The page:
Beef, chicken, pork or fish bones with some meat on them
Salt to taste, but you can add it later (I like to add a dash of fish sauce before drinking it)
Apple cider vinegar (lots of recipes call for this, not sure why...perhaps the vinegar extracts more nutrients?)
Organ meat (liver is excellent)
Aromatic herbs (Bay leaves, star anise, peppercorns, YMMV)
Other saved meat juices (i.e. from sous vide anything...I pour the juices into a glass jar and keep it in the fridge all week long...just dump this in with the rest of the ingredients)
(optional for beef/pork bones) Preheat oven to 200 degrees Celsius, spread bones out on a tray and roast for 45 minutes or so til they get some nice crusties for flavor and darker color. Might work good too for chicken/fish but perhaps less time needed.
Add ingredients to pressure cooker, fill to cover bones (no higher than Max line), pressure cook on high for 40 min - 1.5 hours (depends on the type of bones, but doesn't really hurt to go long). Quick or natural release depending on whether you want to leave it longer.
Sieve the solid material out. I have a large steel bowl on top of which I place a colander. I ladle the large bones into this and drain, then put the material into a large ziploc back to freeze before throwing it out with the burnable garbage. Then pour the remaining broth through the colander. I don't worry about getting all the particles out of the broth myself.
Some just put the bowl of broth into the fridge, but the issue is cooling the broth before it develops dangerous bacteria, and large amounts of broth in a fridge/freezer will not cool fast enough. Some recommend an ice bath for the bowl with the broth, but I don't have a pluggable sink and don't like wasting so much ice and water. Instead I have 2 cup size ziploc plastic containers. I ladle 2 cups of broth into each (perfect amount to split with my wife) and put these into the freezer immediately. Smaller amounts of broth cool faster and safer, and all we need to do is put a container into the fridge each day to defrost for tomorrow.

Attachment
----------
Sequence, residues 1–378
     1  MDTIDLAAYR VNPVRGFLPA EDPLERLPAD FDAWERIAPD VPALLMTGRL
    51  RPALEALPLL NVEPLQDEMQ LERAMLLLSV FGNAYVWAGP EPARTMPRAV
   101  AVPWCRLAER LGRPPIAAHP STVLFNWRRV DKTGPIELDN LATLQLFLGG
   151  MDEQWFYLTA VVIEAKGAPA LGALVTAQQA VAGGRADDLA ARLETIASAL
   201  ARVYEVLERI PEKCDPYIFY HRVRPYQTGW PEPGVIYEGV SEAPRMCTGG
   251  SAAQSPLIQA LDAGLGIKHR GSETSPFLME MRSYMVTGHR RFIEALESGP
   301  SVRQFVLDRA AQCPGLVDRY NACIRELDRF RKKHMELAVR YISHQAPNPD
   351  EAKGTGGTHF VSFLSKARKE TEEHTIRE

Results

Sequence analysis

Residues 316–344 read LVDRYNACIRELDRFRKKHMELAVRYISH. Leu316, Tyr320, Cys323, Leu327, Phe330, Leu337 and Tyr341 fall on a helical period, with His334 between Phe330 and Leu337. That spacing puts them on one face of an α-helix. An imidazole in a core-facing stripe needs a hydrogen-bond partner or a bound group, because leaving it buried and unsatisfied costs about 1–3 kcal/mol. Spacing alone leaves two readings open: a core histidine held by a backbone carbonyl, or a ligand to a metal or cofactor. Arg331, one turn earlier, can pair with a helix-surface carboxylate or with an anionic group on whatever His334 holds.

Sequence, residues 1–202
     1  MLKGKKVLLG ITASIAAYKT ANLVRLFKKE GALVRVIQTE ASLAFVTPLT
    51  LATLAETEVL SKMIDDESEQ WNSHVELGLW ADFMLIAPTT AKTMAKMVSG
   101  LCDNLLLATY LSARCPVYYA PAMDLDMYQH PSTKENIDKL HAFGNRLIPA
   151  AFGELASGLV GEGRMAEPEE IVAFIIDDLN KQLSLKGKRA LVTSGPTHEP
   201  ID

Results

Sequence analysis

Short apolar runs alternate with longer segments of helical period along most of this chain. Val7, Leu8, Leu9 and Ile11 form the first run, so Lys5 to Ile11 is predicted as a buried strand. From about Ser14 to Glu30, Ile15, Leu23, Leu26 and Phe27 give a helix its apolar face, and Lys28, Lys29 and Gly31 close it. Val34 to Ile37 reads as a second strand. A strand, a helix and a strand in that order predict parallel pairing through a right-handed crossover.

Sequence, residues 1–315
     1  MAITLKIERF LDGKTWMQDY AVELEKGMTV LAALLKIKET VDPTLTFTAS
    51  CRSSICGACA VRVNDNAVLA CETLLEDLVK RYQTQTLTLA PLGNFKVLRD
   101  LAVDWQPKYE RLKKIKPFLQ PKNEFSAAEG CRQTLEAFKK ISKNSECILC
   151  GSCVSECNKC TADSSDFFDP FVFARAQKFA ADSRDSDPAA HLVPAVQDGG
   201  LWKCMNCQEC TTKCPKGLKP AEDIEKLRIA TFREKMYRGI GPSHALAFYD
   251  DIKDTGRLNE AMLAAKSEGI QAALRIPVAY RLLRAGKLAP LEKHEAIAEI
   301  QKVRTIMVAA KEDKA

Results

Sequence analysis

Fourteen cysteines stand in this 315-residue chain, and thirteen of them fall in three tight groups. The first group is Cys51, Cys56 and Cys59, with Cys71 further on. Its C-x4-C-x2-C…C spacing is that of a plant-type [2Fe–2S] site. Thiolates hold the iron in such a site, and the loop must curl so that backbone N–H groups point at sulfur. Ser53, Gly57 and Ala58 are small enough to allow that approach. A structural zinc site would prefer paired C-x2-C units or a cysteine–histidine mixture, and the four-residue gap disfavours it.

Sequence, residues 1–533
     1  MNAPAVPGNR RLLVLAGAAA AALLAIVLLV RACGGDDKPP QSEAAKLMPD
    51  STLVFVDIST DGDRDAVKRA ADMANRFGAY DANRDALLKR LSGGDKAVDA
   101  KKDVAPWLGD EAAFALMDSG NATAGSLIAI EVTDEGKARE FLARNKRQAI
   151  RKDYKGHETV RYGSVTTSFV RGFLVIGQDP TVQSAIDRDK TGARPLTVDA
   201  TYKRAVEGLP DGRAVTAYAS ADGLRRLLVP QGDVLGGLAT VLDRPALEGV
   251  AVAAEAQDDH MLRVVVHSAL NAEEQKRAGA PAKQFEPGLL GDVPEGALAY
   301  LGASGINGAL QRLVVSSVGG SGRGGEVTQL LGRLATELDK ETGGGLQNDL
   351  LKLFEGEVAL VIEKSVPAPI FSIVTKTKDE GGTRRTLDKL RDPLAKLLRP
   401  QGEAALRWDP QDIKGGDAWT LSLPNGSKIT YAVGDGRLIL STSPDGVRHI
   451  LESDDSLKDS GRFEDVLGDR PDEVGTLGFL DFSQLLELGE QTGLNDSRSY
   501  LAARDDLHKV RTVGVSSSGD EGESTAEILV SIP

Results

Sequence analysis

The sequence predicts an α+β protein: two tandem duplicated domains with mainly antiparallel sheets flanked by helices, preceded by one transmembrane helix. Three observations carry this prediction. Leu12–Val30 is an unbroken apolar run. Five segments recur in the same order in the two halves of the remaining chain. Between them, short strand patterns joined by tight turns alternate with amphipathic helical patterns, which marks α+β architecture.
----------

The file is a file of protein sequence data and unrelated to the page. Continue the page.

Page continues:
Speaking of which, another benefit of this system is the fat coagulates in a nice disk on the top of the container. If you defrost the broth in the fridge, then you can easily remove the fat from the top and use it for other things (like mixing in with scrambled eggs) to get more fat calories. If you just microwave the frozen container, the fat will liquefy and it's a pain to remove without a fat separator tool, which is also a pain to use and plain old messy.
Beef bones: Beef ribs are excellent as they have lots of bone and meat on them. Bone broth should include some meat as a lot of the extracted vitamins come from the meat as well. Soup bones are ok, but usually have more grit and less collagen to extract. I'm going to try a bag of some serious beef bones I bought at the grocery store last week on Saturday. Looking forward to it.
Chicken bones: We often buy a roasted chicken from the grocery store and eat what we want off of it, saving the bones in a bag. Then we throw the whole carcass along with left over bones into the pot to make chicken broth. So good.
Fish bones: Planning on doing this soon and really looking forward to it. Key here is to have a nearby supply of fresh fish bones, heads and tail being particularly good. Some meat on is good too to get the fish oils and such. Luckily here in Japan we stopped by our local fishmonger and found several cheap packages of fish heads/tails/etc... that will be perfect.
Pork bones: I'm guessing same thing here as for beef, but honestly haven't tried to make a pork specific bone broth yet. One of the main types of ramen broth here is tonkotsu, made from pork bones. But they are slow cooked all day til the bone particles come apart and create a milky stew which is delicious. Takes a lot of time and not sure how well you can mimic this in a pressure cooker.